Perhaps not surprisingly, given the series’ steadfast old-fashionedness, Dragon Quest has always stuck most closely to the traditional D&D concept of magic-users. Sorcerers like DQIV’s Maya are physically weak — almost tragically so — but cast devastating attack spells and can sometimes even transform into raging beasts. on the other hand, Dragon Quest clerics tend to be handy melee warriors but trade a degree of physical strength and defense for the ability to cast curative magic.

In Japanese RPGs, mages generally tend to be young female characters, often scantily clad (apparently they figure that since they can’t use armor for protection, they shouldn’t bother dressing at all). They usually wield staves and rods, deal negligible physical damage, and should lurk in the back row of combat to avoid being utterly slaughtered.

Western RPGs, on the other hand, tend to favor the Gandalf model. Old dudes and ancient crones study magic for centuries, becoming wizened little Yodas capable of tear the fabric of reality asunder with a thought. All along the Sword Coast, the scent of magical catalysts is complemented by the smell of Ben-Gay.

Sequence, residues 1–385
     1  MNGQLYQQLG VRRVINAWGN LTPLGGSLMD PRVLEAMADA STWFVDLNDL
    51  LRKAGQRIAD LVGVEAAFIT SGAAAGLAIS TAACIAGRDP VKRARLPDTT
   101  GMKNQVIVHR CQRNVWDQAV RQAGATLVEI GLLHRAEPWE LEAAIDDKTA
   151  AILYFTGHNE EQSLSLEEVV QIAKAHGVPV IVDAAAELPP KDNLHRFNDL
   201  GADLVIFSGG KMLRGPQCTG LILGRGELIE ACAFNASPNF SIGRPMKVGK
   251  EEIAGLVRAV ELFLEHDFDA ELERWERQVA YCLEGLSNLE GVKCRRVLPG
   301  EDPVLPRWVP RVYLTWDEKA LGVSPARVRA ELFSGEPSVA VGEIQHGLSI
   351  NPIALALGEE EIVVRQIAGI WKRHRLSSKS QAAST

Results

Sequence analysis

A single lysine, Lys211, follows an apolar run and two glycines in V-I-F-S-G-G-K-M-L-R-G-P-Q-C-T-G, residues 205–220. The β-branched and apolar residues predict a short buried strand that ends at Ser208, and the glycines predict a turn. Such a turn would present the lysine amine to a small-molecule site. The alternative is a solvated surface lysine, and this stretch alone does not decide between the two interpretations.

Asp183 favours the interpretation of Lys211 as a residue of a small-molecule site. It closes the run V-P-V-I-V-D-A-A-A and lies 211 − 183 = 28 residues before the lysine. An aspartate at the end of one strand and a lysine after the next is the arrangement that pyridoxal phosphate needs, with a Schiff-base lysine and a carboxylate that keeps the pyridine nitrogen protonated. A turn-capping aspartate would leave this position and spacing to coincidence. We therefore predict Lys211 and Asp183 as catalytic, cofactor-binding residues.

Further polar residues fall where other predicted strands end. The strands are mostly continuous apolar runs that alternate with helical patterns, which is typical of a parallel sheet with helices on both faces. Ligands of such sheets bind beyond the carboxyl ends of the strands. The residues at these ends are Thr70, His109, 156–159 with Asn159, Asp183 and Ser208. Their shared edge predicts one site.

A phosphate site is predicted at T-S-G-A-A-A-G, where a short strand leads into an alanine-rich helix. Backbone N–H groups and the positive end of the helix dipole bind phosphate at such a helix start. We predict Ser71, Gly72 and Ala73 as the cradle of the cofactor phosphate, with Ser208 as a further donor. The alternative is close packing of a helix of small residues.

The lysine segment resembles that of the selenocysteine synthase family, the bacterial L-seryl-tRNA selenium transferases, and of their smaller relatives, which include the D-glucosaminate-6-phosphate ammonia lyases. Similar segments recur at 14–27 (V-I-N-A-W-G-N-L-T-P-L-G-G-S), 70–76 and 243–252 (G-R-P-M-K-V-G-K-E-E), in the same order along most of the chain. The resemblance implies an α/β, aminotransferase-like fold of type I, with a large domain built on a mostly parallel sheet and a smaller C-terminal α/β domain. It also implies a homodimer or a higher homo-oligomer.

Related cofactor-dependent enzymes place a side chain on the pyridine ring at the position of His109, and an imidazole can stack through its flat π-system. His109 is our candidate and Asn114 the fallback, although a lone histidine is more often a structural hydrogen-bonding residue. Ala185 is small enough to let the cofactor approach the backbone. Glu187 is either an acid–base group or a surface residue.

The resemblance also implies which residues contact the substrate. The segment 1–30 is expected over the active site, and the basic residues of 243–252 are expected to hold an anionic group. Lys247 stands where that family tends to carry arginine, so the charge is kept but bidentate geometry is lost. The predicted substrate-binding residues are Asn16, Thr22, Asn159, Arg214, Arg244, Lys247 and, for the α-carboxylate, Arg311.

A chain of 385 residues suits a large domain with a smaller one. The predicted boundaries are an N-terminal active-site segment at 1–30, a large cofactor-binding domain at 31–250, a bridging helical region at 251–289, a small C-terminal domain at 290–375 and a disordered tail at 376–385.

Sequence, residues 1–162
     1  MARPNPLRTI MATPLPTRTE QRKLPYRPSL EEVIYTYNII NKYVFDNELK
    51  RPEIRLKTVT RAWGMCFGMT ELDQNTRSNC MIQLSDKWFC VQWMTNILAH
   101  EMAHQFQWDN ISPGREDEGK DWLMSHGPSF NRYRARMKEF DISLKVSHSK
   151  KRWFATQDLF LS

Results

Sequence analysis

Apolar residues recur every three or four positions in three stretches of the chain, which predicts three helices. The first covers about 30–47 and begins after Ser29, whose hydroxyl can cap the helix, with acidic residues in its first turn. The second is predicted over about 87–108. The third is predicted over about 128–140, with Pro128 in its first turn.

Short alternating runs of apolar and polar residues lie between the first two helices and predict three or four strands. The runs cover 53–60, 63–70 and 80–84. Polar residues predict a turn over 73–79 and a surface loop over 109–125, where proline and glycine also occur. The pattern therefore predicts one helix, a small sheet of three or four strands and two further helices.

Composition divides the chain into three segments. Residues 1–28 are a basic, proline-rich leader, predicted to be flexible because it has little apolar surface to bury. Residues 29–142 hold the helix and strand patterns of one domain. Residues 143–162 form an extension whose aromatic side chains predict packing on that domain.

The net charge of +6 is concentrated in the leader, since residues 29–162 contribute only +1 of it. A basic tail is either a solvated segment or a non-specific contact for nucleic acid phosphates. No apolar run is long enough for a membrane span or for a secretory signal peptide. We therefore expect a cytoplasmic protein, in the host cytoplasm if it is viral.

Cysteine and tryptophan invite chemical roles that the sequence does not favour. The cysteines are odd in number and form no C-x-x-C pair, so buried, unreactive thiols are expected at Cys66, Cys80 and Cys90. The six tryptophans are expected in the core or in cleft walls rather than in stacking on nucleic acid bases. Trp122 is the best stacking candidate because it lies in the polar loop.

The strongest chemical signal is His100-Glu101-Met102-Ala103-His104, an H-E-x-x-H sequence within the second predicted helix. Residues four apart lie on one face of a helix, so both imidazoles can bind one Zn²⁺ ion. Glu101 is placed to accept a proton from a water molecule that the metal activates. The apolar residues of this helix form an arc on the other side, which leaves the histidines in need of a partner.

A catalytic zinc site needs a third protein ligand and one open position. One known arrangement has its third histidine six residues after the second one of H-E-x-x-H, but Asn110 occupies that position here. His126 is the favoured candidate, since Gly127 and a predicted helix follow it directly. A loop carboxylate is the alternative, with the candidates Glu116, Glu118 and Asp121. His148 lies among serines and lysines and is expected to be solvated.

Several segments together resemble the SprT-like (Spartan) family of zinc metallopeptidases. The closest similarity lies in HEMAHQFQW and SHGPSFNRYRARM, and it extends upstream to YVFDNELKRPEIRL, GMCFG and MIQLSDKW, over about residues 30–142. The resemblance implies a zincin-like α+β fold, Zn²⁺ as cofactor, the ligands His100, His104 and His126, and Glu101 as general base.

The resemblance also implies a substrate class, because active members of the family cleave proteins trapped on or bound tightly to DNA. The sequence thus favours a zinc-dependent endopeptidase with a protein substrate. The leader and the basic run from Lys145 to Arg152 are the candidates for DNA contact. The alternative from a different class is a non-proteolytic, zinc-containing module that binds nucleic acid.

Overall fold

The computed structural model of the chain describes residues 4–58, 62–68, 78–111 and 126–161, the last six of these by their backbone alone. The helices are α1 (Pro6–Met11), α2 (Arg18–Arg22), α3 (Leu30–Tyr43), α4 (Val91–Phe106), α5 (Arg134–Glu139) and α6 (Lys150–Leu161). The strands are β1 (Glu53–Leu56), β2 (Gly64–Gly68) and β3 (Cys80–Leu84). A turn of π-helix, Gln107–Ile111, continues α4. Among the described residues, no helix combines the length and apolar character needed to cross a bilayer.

Even RPGs that avoid using fantasy conventions, such as our old friend Mass Effect, deal with wizards. They call magic “biotics” and their mages “Adepts,” but whatever. Memorizing spells and amplifying your innate psychic potential with implants is all pretty much the same.

Meanwhile, more traditional RPGs like Etrian Odyssey and Final Fantasy Tactics make use of Bards (and their lady equivalents, Dancers) in the classic D&D sense: A nimble warrior skilled in the sword but even better for singing spells of party enhancement and enemy debuffs.

The Rogue


What Was It?